Shivam Dube hopes to cement spot with bigger, higher sixes

Written by Rohit Pawar

With broad shoulders and pumped-up chest, India’s newest batting sensation Shivam Dube exudes power. And his effortless six-hitting prowess has shades of Kieron Pollard and Shimron Hetmeyer.

Last month, the 26-year-old had unfurled a pull to smash his first six in international cricket off Holder in the 2nd T20I at Thiruvananthapuram. Dube hit three more in the next over from Kieron Pollard with the sixes getting bigger and longer. High back lift, long reach, and a smooth swing—Dube could qualify as a perfect six-hitting manual for the new age cricketer.

“I don’t have to do any special kind of preparation for hitting sixes, it comes naturally. I liked hitting the big shots and used to practice it a lot,” Dube says in an exclusive chat with Hindustan Times. Dube and six hitting go a long way back. Before his blitz in Thiruvananthapuram (54 off 30), before his 15 sixes in only five innings in the Vijay Hazare Trophy—which fast tracked him to India’s limited overs side, and even before the five sixes in an over during the Ranji Trophy in December 2018 which resulted in a 5 crore IPL contract with RCB, it was a practice session in 2011 that brought him into limelight. In an open net session at the Air India Sports Complex in Mumbai, Dube hit more sixes than all others combined in a day.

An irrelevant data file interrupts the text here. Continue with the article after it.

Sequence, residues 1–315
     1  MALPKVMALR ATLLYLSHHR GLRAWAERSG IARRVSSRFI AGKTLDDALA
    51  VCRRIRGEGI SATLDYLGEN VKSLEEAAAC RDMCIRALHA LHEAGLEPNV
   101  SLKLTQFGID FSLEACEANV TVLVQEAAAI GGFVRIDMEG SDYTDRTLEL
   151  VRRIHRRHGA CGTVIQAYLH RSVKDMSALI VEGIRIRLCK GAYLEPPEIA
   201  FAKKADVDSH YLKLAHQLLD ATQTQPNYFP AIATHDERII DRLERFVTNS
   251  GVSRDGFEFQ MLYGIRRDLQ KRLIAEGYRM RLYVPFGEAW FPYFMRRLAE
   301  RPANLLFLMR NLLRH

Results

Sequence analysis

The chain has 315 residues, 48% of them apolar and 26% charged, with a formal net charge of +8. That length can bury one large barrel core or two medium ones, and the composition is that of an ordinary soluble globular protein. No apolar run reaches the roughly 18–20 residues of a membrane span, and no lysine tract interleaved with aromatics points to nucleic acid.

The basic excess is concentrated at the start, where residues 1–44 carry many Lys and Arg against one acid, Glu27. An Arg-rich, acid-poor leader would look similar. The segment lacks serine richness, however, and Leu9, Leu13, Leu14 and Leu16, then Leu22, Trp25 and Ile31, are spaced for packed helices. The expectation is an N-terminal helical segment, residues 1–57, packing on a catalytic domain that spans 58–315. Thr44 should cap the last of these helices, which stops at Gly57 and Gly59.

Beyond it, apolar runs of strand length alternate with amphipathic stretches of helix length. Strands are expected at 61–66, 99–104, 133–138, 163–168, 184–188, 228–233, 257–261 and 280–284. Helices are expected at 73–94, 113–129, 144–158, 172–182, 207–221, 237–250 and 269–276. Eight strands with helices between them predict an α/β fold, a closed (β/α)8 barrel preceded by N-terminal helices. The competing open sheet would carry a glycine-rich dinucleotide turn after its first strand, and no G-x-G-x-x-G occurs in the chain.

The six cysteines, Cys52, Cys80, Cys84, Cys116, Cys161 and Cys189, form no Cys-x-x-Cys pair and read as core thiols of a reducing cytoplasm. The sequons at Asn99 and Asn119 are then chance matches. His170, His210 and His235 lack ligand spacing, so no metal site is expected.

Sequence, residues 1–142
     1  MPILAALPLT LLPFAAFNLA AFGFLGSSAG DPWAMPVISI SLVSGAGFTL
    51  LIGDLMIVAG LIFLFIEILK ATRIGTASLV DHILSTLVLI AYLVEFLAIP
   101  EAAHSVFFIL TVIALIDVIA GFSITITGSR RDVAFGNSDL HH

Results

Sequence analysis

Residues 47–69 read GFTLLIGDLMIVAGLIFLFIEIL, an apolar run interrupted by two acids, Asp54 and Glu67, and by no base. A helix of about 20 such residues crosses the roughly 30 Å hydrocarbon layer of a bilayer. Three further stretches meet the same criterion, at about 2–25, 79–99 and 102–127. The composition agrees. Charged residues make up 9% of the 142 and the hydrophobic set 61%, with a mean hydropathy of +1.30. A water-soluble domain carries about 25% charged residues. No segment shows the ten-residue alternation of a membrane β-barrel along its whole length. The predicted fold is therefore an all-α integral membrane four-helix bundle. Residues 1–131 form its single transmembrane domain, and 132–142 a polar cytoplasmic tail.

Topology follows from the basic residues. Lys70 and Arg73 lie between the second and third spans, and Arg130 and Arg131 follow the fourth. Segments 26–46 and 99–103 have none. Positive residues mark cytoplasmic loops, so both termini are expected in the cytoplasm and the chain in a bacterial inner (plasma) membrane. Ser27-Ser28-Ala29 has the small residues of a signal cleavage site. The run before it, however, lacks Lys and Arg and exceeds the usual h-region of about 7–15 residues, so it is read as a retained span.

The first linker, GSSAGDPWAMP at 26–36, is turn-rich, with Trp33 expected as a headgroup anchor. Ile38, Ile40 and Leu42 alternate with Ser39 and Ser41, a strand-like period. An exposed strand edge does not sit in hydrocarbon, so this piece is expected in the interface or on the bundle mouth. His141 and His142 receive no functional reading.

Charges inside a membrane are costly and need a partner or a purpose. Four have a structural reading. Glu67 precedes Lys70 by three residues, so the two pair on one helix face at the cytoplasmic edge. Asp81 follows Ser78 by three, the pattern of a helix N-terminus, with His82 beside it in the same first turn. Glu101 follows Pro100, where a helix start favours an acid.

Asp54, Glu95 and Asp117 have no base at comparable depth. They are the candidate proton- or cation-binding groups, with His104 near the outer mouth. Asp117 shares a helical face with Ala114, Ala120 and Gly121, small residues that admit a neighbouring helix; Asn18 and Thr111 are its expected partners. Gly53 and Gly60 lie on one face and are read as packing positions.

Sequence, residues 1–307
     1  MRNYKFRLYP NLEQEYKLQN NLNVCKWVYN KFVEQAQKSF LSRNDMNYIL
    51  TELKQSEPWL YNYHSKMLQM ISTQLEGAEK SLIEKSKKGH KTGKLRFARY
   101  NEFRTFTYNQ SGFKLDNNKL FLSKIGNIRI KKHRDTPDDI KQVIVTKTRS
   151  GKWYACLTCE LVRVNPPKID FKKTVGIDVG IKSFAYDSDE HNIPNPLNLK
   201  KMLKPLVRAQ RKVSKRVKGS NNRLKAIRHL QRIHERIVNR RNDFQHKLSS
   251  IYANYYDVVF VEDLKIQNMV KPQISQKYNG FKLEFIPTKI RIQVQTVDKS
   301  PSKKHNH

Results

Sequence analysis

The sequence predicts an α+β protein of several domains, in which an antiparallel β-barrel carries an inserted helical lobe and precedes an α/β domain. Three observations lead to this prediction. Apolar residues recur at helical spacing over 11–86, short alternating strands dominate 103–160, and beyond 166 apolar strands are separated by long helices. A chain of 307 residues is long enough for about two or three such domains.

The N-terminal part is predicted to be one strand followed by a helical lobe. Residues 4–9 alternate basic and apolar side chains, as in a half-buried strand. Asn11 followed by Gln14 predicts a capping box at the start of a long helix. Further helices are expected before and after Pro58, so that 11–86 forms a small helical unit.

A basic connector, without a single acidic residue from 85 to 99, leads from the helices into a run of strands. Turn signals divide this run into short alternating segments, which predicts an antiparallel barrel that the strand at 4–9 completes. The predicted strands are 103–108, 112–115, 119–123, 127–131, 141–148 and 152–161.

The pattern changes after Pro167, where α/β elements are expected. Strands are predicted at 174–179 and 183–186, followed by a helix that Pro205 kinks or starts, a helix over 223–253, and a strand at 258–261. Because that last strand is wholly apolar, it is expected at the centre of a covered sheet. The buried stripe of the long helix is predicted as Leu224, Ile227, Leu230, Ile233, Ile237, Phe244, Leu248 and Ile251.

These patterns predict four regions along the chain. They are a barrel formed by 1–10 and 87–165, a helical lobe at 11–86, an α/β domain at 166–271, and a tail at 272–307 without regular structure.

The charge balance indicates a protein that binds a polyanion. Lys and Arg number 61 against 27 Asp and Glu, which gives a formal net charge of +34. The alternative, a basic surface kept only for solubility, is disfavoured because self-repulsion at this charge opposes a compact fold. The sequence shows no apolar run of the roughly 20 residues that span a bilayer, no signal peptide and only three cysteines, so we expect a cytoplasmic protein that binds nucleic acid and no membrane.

The clean hitting did not go unnoticed as the then 18-year-old, who had quit the sport four years ago due to financial constraints, found an opening in Mumbai’s club cricket. The all-rounder became an instant hit in the Mitsui Shoji T20—a popular Mumbai league—and since then Dube’s attachment with sixes has only grown stronger.

In his short international career of 6 T20Is and a solitary ODI, Dube has got the opportunity to bat on five occasions. But only twice did he have more than five overs at his disposal but made sure that he showed the world a glimpse of his six-hitting ability.

The problem for the 26-year-old, however, will be his batting position. The left-hand bat was promoted to No.3 at Thiruvananthapuram, for Mumbai Dube bats in the top six and is often rotated depending on match situation. “I don’t mind whether I bat at No.3 or 7. I want to be someone who can bat anywhere and a bowler who can bowl in every situation. I don’t know about being a finisher with the bat. I’d be happy to play any role for the team,” Dube said.


About the author

Rohit Pawar

An Independent I.T. Security Expert, Geek, Blogger & Passionate Programmer.